August 17, 2019
When the sun sets over the ocean, you can see a shaft of light in the water reflecting its glow. Some time ago I read about moments when the reflection goes upward, into the sky. In this case I suppose it is reflecting off of water particles in the air. Recently I was thrilled to catch this phenomenon in a photograph, taken from our back porch.
Reflections can have quite a charm. Now that I am less than a month away from my 92 birthday, I am reflecting quite a bit. I am especially bringing to mind some of the wonderful trails my wife, Louise, and I have taken in the 37 years we have lived in Arizona.
The most spectacular of these was a rim-to-rim hike in the Grand Canyon, about 18 years ago. Louise’s sister, Ann, had the idea. In the end eight of us did the hike, including Ann’s family, Zuber cousins and our son, Owen. The actual hike was on Tuesday, Oct. 2, 2001. There was a full moon that night. The steep walls of the canyon meant that we did not see the moon rise at all, and even much later could only see it shining on the distant cliffs. We arrived at the end of our journey at 11:30 pm. By then we were bathed in moonlight, and feeling remarkably good given the fact that we had hiked 24 miles in 17 hours. It was not exactly a break-neck pace, but we did it. The next day we noticed that we had no sore muscles or blisters. We felt fine.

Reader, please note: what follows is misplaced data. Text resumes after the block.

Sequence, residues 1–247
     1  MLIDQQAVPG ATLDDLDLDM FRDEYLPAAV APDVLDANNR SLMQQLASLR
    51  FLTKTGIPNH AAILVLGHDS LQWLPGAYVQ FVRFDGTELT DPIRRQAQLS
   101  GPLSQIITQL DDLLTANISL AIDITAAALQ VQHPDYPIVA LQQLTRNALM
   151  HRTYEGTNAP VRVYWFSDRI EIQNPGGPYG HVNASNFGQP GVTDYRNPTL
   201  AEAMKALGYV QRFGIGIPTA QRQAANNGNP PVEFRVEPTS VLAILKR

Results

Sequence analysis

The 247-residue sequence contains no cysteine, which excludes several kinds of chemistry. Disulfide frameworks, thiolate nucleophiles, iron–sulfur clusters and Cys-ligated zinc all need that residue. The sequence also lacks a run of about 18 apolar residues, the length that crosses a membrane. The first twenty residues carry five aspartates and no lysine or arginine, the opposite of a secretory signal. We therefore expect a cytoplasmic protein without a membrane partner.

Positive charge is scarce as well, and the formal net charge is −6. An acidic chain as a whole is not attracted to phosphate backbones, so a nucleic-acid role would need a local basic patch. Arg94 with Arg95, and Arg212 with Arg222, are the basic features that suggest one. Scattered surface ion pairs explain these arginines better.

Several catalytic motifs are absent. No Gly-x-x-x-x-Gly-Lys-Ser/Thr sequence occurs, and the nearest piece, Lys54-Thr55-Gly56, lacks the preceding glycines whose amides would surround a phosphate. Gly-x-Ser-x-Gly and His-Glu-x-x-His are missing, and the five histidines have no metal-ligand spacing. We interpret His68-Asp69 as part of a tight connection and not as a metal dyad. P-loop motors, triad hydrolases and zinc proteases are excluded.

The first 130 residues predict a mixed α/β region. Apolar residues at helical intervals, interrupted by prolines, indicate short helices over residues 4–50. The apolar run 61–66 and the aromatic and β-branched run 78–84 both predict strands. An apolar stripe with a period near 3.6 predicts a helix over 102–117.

How did my wife, who was 72 at the time, and I (just turned 74) manage such a feat? The simple answer was “training.” For months we tackled all kinds of trails in various times of day, gradually building up our endurance. In addition to getting us in condition for the long hike, it took us deeper on familiar trails than we had been before, and allowed us to further extend our knowledge of the scenic beauty in this magnificent state.
All this is coming back into my memory because my health now does not allow me to take long hikes. For the last twenty years, every week I have taken part in summer plant walks. Originally they were led by Dr. Bob Porter, and Joan Tedford. For the last eight years I have been the leader. And the hikes have grown. About forty people were on the last one on August 1. We ended the hike in Marshall Gulch, where more people joined us for a wonderful picnic and celebration. I was very touched. These walks have meant so much to me and I know I will miss them, and the wonderful people who share them.
I will continue to go to the mountains, enjoying the beauty of the landscape and its flora and fauna. And I will have more time for reflection.